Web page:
White House Liaison Visits! 0 Comment(s)

This morning we welcomed Jarrod Bernstein, Director of Jewish Outreach in the White House's Office of Public Engagement, to the Museum.

Archivist Wendy Turman (wearing the white gloves) gave Jarrod a taste of the archives focusing on some of our items related to the presidency (including a panoramic photo of President Coolidge dedicating the Washington DCJCC in 1925).

We are proud that our building has presidential connections. When President Ulysses S. Grant attended the synagogue's dedication service in 1876, he became the first sitting U.S. president to attend a synagogue service.
 
We are now "connected" and exploring ways to work together.

Object of the Month: July 2011 0 Comment(s)

Archives Record
Object #: 2011.15.1
Donor: Robert Rosenfeld
Description: Pair of First Lady “Lady Bird” Johnson’s brown leather gloves, c. 1967
 
Background: In 1967, Mrs. Johnson’s secretary sent these gloves to Parkway Cleaners, owned by Robert Rosenfeld, in Chevy Chase, Maryland, for cleaning. Although it proved impossible to clean these gloves without compromising their decorative condition, Parkway Cleaners enjoyed the continued patronage of the Johnsons as well as numerous other White House and Congressional clients.
 

The Rosenfeld family’s roots as Washington, D.C. cleaners reached back two generations earlier, to a business started in 1906 at 14th Street and New York Avenue, NW. Established by Bob Rosenfeld’s father, Moses C. Rosenfeld, in 1926, Parkway Cleaners and Dyers moved from Washington to Chevy Chase in 1930. By the 1960s, Parkway Cleaners boasted numerous federal officials and other prominent Washingtonians as clients, including President Lyndon and Lady Bird Johnson, Muriel Humphrey (wife of Hubert Humphrey, seen here in center with an unidentified woman and Mr. Rosenfeld), and Ann Buchwald (wife of Art Buchwald). Recognized for excellent service by the National Institute of Dry Cleaners, Parkway Cleaners was also asked to clean and reinstall draperies in both the Capitol and Blair House. Although ownership passed from the Rosenfeld family in 1980, Parkway Cleaners (seen below about a year earlier) still operates today at the same Connecticut Avenue location it has occupied since 1930.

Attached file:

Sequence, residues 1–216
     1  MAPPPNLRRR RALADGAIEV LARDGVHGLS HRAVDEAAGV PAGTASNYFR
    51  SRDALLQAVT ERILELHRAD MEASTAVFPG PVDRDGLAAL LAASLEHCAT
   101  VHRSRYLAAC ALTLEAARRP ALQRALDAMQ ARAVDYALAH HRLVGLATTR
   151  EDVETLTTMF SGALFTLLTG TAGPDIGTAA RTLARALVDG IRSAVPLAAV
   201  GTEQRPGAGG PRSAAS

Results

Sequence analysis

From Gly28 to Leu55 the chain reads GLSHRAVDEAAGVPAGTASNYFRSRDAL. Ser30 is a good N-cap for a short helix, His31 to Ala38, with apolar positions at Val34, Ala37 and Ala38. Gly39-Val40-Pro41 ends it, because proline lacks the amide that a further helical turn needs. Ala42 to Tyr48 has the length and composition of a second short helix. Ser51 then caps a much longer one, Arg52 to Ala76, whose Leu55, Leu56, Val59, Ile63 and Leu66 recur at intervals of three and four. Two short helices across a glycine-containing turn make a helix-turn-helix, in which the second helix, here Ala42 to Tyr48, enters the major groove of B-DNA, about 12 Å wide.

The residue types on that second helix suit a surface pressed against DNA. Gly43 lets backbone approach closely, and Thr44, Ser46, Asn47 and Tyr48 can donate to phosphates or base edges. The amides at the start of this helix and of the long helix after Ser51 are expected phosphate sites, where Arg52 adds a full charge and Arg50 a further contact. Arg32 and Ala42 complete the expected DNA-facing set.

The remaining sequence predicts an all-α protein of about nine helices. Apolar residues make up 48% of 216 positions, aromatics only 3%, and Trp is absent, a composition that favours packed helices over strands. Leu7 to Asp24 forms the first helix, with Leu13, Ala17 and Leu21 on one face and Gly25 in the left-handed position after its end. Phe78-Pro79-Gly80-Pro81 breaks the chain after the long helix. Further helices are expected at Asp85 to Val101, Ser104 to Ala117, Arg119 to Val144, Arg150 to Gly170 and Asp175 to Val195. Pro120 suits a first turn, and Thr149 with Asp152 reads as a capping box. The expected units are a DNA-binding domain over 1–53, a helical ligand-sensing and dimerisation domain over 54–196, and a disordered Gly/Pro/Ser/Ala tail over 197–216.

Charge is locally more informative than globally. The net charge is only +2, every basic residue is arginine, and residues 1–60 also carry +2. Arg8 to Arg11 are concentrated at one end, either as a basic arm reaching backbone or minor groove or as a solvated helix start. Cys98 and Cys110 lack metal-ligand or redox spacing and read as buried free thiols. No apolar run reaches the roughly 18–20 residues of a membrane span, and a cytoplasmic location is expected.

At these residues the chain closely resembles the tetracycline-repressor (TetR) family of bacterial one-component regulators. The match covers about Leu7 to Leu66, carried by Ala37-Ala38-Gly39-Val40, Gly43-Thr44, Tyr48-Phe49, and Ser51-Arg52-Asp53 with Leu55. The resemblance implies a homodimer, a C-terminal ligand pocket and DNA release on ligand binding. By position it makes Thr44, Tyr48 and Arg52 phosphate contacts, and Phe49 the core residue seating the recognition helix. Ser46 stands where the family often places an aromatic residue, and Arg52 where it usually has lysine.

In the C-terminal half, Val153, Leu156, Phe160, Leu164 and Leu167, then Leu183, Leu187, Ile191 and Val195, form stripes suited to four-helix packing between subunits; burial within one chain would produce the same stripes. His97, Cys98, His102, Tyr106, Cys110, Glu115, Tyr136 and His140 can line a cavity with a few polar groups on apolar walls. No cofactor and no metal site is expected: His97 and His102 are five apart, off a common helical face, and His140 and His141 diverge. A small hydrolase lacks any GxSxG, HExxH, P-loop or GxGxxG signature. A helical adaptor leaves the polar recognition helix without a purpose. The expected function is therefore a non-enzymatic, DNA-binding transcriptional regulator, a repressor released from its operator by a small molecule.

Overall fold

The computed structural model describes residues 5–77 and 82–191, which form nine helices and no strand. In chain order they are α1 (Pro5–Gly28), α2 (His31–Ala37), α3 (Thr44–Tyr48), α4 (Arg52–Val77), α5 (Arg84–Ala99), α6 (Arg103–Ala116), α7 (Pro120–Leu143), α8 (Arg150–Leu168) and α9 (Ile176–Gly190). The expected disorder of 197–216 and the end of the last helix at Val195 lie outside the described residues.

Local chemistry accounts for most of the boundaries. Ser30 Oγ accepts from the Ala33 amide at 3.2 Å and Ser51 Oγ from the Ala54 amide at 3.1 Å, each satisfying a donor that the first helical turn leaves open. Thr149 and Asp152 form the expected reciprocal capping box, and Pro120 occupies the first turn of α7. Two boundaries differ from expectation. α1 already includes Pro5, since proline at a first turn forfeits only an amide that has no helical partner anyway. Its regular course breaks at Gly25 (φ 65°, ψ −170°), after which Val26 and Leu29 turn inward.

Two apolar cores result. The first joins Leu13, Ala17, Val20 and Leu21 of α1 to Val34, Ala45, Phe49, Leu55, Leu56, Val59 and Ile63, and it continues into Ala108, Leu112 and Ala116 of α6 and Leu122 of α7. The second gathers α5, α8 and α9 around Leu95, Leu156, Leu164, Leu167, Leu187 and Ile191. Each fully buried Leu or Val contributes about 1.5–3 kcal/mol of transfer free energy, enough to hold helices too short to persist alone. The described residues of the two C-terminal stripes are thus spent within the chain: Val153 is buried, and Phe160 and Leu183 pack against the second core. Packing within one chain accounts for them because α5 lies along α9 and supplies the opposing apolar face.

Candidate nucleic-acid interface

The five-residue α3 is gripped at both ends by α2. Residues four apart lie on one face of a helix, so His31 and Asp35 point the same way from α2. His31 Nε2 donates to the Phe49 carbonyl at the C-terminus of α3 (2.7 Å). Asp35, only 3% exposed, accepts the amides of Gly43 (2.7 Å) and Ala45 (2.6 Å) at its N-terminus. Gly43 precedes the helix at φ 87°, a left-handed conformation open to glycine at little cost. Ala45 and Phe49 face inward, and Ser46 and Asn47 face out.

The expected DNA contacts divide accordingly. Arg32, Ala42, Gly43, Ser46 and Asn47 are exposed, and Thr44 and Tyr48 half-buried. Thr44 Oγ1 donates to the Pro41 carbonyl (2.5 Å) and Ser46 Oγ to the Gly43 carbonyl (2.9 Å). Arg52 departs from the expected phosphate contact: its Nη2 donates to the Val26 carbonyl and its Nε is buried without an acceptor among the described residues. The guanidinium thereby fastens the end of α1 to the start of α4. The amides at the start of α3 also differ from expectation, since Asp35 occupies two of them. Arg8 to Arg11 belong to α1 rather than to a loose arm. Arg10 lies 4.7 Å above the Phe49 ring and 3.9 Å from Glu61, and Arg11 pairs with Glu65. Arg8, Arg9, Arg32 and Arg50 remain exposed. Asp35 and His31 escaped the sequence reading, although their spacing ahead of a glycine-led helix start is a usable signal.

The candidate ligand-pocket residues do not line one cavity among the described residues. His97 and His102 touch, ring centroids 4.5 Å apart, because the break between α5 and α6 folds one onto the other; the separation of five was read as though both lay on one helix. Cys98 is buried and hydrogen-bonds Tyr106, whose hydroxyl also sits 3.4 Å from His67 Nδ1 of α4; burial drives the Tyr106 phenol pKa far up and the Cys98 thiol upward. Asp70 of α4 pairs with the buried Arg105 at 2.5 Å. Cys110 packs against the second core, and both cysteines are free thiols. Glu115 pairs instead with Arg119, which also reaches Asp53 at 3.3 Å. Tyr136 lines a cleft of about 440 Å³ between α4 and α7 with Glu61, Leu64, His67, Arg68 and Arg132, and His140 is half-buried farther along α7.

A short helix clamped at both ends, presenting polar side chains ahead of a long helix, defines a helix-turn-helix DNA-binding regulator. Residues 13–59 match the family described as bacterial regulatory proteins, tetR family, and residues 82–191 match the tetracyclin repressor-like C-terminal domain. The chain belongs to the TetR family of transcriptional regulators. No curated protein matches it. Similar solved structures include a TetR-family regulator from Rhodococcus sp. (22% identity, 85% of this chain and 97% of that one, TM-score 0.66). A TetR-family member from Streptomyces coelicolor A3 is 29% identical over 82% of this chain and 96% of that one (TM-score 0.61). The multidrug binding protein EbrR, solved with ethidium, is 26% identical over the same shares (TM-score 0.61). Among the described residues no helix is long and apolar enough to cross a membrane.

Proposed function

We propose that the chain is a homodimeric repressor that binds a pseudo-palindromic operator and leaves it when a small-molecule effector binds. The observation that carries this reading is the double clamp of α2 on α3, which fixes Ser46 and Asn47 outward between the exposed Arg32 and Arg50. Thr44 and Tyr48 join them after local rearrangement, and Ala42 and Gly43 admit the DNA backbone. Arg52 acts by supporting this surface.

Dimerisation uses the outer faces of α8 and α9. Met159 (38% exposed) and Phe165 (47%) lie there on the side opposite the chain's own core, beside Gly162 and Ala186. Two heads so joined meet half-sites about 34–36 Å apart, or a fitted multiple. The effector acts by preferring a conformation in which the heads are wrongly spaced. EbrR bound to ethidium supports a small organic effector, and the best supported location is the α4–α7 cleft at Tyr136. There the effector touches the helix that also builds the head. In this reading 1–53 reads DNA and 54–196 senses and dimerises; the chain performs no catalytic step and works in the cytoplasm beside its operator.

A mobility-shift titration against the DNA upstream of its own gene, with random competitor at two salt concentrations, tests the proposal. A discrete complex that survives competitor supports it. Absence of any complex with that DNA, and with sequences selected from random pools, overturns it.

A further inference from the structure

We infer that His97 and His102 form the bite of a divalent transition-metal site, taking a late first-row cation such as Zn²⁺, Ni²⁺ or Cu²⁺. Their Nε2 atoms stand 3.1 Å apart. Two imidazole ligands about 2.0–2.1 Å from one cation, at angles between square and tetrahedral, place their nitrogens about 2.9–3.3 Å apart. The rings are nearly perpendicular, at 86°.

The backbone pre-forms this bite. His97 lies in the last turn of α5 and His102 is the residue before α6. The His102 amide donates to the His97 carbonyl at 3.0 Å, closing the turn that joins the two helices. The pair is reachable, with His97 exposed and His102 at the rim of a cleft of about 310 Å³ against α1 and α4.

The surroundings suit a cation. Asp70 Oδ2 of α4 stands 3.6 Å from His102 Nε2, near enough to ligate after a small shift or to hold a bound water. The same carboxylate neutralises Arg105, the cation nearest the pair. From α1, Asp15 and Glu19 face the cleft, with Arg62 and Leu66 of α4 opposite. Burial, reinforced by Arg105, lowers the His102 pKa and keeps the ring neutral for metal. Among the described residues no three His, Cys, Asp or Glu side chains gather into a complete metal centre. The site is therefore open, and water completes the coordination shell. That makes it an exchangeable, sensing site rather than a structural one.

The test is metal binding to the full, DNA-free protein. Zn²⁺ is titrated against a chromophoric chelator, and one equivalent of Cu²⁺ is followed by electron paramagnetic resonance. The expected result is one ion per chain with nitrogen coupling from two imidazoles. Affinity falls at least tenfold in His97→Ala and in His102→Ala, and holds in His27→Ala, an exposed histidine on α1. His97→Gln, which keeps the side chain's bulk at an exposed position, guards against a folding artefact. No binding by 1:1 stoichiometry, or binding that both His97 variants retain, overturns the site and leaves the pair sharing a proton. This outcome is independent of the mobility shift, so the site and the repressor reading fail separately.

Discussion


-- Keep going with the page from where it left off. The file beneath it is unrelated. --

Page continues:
Earlier this year, Robert Rosenfeld donated a collection of materials documenting the business. Notable items in the Parkway Cleaners Collection include a fabric sample taken from the drapery at Blair House with a request for cleaning, a receipt for the cleaning or installation of drapes in “Mrs. Kennedy’s Bath Room” at the White House, numerous photographs of Robert Rosenfeld with his high profile clientele, personal notes from President and Mrs. Johnson, and other correspondence from well-known customers.
 
With its service to government agencies and prominent federal officials, Parkway Cleaners followed a long tradition of local Jewish-owned businesses providing service for clients of national importance. In addition to the Parkway Cleaners Collection, the Jewish Historical Society of Greater Washington holds other material demonstrating this relationship, including a shoemaker’s bench and leather punch once belonging to “shoemaker to the presidents” Nathan Ring (ca. 1920) and a cake box designed by party planner Fae Brodie for the 1966 wedding of Luci Baines Johnson at the White House.
 
Do you have material documenting a relationship between the federal government and local Jewish-owned businesses that you’d like to donate to the Jewish Historical Society’s collection? Please contact us at info@jhsgw.org or (202) 789-0900.